We sometimes attend events or do pick-up runs where she would come along, so it means we’ve had random pit-stop at playgrounds throughout Dublin. For example, recently we came across a fabulous one in Glenageary where she had a ball climbing and sliding and we could sip a coffee from the local coffee shop. We also make sure that we try to stop working after 10 pm to give some time for ourselves and at least two nights a week we prioritize catching up on our favourite TV or Netflix shows or pursue our own interests. So juggling work, business and family really means making sure we plan our time ahead and stick to it.

What business challenges do you face?

The biggest challenge is time, shipping costs and quality website traffic.

We need to juggle business with work and raising a daughter, so scheduling time is important. Making sure we spend our time effectively; managing stock, preparing for events, social media management and creating awareness via connecting with like minded bloggers.

The second challenge is shipping cost. In Ireland, options are limited for very small traders like ourselves and the cost to ship cheap items is often higher than we’d like. We are often not able to charge for full shipping cost, as it would mean a good value item would become too expensive. On top of that, Irish shoppers are used to free or very low shipping cost from the large e-commerce players, which makes it hard for us small enterprises. We are currently exploring options with a variety of providers.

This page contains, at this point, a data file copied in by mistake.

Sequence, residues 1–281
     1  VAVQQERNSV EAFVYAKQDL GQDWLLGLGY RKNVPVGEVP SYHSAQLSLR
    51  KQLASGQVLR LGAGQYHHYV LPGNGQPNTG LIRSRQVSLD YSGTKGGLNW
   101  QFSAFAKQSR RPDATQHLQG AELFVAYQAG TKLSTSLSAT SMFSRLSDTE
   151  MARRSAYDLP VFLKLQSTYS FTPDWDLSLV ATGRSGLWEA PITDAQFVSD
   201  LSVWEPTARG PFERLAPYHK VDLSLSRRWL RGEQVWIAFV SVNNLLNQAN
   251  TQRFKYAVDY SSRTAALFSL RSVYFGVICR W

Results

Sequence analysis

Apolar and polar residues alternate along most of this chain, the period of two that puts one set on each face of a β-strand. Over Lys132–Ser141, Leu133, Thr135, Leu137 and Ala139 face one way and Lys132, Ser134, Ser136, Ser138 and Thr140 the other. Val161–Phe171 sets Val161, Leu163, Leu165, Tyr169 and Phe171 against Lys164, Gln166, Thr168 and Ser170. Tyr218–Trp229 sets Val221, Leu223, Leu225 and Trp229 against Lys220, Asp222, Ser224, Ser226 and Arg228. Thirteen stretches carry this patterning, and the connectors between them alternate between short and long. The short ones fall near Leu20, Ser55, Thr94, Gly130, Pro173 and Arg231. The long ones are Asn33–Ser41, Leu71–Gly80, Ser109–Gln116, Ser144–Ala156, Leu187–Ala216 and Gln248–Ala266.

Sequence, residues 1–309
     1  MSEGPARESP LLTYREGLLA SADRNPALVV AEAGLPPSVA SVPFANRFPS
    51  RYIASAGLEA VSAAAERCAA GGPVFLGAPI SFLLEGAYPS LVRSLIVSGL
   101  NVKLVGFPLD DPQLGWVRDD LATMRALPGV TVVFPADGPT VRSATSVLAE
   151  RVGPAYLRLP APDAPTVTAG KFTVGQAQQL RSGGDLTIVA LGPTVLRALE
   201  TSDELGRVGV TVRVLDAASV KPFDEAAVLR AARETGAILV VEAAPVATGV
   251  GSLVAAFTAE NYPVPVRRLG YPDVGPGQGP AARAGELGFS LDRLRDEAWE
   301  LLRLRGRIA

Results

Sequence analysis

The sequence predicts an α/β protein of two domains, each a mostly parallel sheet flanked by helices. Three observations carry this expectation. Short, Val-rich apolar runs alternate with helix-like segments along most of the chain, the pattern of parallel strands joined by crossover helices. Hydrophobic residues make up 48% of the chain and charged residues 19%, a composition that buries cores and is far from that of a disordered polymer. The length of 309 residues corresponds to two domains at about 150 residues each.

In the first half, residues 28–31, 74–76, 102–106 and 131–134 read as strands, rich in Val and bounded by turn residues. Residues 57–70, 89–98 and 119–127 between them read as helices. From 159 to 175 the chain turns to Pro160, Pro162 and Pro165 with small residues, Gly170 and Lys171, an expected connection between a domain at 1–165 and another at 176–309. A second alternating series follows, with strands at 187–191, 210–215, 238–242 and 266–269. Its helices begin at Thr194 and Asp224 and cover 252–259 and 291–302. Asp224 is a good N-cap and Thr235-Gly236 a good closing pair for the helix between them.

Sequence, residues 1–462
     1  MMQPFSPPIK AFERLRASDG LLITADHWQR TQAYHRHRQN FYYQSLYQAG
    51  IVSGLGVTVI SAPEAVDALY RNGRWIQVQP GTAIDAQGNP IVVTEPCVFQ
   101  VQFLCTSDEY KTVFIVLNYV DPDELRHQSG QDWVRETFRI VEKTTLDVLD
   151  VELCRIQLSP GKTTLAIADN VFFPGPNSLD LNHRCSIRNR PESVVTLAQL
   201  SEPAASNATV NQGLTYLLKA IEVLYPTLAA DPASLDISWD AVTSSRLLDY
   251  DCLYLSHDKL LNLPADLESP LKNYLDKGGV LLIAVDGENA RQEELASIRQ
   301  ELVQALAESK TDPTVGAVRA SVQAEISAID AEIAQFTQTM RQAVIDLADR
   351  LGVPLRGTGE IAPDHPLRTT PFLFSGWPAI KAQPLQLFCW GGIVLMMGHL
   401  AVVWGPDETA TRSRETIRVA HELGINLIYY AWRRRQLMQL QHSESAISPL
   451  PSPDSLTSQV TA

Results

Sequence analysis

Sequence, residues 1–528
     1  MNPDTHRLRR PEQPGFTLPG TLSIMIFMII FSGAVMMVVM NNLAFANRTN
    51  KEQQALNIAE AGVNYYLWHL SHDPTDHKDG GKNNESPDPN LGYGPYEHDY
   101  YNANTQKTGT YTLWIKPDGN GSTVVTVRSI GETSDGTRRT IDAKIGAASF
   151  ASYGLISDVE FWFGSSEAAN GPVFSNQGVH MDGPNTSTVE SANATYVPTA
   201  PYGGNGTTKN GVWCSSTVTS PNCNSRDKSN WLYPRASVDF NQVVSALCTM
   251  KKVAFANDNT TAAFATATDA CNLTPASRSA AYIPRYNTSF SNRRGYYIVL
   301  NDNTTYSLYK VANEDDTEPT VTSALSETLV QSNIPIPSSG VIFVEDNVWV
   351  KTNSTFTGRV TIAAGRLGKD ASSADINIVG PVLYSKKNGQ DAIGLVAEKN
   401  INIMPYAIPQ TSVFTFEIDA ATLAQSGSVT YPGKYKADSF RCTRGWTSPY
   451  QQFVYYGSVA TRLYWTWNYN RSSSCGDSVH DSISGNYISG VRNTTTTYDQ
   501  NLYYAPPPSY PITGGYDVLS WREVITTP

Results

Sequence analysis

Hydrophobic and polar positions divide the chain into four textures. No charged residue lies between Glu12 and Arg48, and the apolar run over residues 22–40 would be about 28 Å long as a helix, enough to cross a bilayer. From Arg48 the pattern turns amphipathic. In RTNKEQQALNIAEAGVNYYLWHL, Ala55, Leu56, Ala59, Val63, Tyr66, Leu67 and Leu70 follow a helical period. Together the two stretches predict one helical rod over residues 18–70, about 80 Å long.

It is really easy to launch a web-shop, but without a plan to drive traffic to the site, it will soon lay idle. Spending money on online ads will get page likes or quite a lot of visitors, but I also realized that it does not necessarily generate many sales. I started a much more personal approach by reaching out to bloggers and Facebook groups to share the site. Word of mouth in the digital world works mainly the same as in the old days. Delivering great service while nudging other to share your details. I’m also learning all the ins and outs of SEO, so that the site gets better ranked in search results.

 What lessons have you learnt from setting up your own enterprise?

Everything either takes time or costs money. There are a lot opportunities out there to start a small business. As long as you can commit to the time it takes to keep it going and growing. Being non-technical, there are many places that can help to set you up with an e-commerce platform without having to learn how to code. There are tons of apps out there to make things like photo editing, SEO or providing support much easier. However, nobody has made to possible to applify human contact and story telling. This can only be done by getting out there and engage with people. Other small businesses love to share their story with you. Some of the best advice we’ve had came from other small business owners.